Another theory is that if your body is not overdoing it on androgens, then it’s graduated to insulin. Insulin is a hormone that controls how the food you eat is changed into energy. Insulin resistance is when the body’s cells do not respond normally to insulin. As a result, your insulin blood levels become higher than normal. Many women with PCOS have insulin resistance, especially those who are overweight or obese, have unhealthy eating habits, do not get enough physical activity, and have a family history of diabetes (usually type 2 diabetes). Over time, insulin resistance can lead to type 2 diabetes.

Complementary and alternative medicine (CAM) treatments are popular with many women who have polycystic ovary syndrome (PCOS). CAM treatments may include acupuncture, traditional Chinese medicine (TCM) herbs, and mindfulness practices such as meditation. Currently, acupuncture is the only CAM therapy that has been studied in clinical trials as treatment for PCOS or infertility. Acupuncture is a traditional Chinese medicine (TCM) practice that has been used for thousands of years to treat a wide range of illnesses.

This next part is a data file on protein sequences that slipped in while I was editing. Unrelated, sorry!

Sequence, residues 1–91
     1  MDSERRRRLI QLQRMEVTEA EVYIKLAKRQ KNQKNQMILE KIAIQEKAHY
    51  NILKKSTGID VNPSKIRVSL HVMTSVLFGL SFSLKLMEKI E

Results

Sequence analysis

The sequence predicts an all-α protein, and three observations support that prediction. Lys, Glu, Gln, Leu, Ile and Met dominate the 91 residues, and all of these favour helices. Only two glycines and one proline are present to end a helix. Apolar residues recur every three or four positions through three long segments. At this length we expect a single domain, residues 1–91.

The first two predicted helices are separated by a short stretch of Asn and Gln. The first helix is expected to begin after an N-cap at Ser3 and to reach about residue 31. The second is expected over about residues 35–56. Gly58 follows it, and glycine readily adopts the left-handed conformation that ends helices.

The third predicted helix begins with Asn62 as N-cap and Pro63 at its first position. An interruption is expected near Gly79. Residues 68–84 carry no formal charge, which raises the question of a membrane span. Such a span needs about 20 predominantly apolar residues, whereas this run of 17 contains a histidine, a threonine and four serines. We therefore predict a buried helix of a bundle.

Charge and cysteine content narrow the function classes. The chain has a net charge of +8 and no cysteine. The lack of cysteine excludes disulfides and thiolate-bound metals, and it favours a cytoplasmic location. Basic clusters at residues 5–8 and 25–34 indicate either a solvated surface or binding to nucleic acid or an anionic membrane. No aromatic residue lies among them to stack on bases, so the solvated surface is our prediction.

During an acupuncture treatment, you will lie still on a table. A trained acupuncturist or TCM practitioner will insert fine needles into the skin or connective tissue just beneath the skin. The needles are left in the skin for up to 30 minutes. Different regions of the skin are targeted during acupuncture depending on the condition being treated. The practitioner may gently twist or move the needles. Heat or electricity may be applied to the needles. Acupuncture is usually painless. At this time, acupuncture is the only CAM therapy that has been studied in clinical trials as treatment for PCOS or infertility.